If I remember correctly, Shura became popular on the Forum from Art relentlessly promoting it.
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#943

Post by AdamH »

Armoreska wrote: October 15th, 2020, 9:59 pm both Rapture and Shura come from humble beginnings
Yep. Neither were even in the list in the first three editions.
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#944

Post by PGonzalez »

I don't have a ranked list, but out of the 103 films I voted for, there are 9 which I saw as a direct consequence of the forum:

- 4 due to the WC (Chiyari Fuji, Pirosmani, Oi Voskoi, Egy erkölcsös éjszaka)
- 1 which was picked for me by NathanTreadway in one of those posts where you trade recs (Mossafer)
- 2 due to 500<400 (Happy End and Baron Prásil)
- 2 due to the ICMFF (Hao ji le and The Seen and Unseen)

So this forum clearly played a part in introducing me to some phenomenal films I wouldn't otherwise have seen!
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#945

Post by Torgo »

Looked up some of my posts from ancient times. I mainly discovered Letter Never Sent (1960) due to our poll and it has twice the maximum allowed votes today and 3000 IMDb ratings. One that got lucky :)
Lol, even this (The Crazy Page (1926)) used to be eligible. 1000 checks now. And my other favorite Japanese short of all time, Cat Soup! 900 checks now. But those weren't related to the <400 exercise for me.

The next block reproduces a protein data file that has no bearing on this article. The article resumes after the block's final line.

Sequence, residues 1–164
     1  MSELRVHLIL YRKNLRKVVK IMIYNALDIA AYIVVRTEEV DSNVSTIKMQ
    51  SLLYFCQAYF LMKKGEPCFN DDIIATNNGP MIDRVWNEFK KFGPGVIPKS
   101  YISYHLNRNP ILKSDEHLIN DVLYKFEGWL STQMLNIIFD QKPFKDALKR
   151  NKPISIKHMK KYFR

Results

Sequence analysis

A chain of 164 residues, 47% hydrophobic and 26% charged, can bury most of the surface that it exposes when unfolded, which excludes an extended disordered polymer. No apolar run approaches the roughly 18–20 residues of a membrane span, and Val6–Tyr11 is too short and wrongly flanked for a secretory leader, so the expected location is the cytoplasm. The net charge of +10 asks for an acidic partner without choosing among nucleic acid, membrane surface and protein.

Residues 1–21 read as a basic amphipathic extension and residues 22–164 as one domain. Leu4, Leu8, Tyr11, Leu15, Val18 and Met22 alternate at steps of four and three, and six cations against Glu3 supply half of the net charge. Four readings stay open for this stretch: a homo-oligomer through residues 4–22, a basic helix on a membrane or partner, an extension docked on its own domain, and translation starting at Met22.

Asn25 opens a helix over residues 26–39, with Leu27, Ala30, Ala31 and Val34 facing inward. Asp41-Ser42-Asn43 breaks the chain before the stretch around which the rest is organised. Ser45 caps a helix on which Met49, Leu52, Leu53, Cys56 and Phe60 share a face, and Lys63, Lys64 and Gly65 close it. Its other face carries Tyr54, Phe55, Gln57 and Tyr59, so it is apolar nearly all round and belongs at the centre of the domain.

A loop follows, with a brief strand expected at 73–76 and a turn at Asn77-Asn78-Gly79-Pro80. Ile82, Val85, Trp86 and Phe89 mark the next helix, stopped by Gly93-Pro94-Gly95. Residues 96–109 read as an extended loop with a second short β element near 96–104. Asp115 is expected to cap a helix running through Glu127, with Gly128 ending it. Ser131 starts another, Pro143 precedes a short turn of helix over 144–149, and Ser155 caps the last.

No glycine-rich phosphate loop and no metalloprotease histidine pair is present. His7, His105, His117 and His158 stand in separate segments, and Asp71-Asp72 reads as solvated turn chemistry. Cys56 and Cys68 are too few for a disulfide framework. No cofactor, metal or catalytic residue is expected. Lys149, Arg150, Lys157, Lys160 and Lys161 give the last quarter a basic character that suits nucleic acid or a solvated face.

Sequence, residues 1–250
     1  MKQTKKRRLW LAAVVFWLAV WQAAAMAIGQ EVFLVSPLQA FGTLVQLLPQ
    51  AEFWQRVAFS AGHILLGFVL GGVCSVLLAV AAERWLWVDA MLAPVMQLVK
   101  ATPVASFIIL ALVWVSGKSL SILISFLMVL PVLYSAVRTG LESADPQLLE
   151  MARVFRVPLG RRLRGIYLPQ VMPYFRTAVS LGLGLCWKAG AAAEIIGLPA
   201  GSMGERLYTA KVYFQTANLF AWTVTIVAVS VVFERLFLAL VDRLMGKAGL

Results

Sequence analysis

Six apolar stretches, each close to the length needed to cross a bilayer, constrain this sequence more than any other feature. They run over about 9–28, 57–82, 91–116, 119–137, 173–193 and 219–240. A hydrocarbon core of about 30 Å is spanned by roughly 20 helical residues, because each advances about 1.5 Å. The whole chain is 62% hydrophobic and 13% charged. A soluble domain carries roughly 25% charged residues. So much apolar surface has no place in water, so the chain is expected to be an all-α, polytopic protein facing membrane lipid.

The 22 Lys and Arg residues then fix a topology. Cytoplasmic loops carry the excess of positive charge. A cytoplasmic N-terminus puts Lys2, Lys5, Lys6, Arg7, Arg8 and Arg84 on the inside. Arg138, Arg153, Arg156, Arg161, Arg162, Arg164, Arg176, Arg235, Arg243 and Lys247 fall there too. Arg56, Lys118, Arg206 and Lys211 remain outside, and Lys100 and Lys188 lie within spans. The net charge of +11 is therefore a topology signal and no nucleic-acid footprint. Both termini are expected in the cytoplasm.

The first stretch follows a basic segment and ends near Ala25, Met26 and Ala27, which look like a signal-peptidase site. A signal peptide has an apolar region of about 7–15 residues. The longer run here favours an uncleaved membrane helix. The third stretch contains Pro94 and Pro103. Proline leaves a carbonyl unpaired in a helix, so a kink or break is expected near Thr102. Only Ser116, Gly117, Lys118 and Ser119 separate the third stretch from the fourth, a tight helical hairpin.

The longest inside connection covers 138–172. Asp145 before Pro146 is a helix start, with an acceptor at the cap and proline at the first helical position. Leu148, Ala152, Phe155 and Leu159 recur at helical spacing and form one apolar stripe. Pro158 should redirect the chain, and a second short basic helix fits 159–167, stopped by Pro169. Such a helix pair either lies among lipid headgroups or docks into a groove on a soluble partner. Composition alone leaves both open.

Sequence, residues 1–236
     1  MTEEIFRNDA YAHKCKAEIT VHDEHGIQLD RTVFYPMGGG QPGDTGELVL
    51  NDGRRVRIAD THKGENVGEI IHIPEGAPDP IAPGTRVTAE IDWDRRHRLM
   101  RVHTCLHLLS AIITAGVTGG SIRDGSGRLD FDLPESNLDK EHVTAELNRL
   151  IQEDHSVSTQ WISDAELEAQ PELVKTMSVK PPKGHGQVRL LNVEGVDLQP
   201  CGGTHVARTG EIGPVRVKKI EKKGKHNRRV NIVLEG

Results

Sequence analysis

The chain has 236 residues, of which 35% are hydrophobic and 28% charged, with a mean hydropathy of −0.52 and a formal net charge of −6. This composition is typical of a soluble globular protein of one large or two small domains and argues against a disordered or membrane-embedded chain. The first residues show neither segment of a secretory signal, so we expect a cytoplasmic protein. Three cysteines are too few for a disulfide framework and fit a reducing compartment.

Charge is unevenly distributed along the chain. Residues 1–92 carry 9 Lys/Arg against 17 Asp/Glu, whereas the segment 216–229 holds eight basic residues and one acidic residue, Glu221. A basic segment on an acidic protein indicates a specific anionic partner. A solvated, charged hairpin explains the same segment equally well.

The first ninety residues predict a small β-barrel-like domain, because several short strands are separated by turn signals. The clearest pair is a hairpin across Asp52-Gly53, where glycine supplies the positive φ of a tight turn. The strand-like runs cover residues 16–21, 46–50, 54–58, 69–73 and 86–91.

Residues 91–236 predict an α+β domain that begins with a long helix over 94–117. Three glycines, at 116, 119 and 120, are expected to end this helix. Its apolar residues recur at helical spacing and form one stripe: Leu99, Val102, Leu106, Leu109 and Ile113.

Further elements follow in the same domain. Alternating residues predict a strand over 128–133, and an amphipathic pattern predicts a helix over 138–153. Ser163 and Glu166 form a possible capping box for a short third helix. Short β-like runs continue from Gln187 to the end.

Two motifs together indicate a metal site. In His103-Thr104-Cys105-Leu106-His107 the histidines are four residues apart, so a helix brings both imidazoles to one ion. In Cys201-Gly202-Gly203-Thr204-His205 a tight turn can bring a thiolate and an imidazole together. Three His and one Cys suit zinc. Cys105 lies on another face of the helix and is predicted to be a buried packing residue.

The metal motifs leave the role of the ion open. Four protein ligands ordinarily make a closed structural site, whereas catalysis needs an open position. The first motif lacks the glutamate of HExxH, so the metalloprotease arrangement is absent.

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#946

Post by Teproc »

Most of the films I'm voting for are either things I saw in theaters in the past five years (particularly French films but not only), and relatively well-known French films from the 70s and prior which just don't have many checks. Plus a few oddities like Beloved and Historias extraordinarias. None of them are things I saw because of ICM, though Kaili Blues has become a bit of an ICM Forum darling now I suppose, with it being in the top 100 here. My #1 is Léa Fehner's Les ogres, which is in the first category (recent French film I saw in theaters) and stars Adèle Haenel (though it's very much an ensemble film) and is about a traveling theatre and the tumultuous relationships of the people in it who form a weird, incestuous and loud family. I found it really touching (especially the final scene), but it has that "spending a lot of time with people who are not that likable" problem which puts many people off.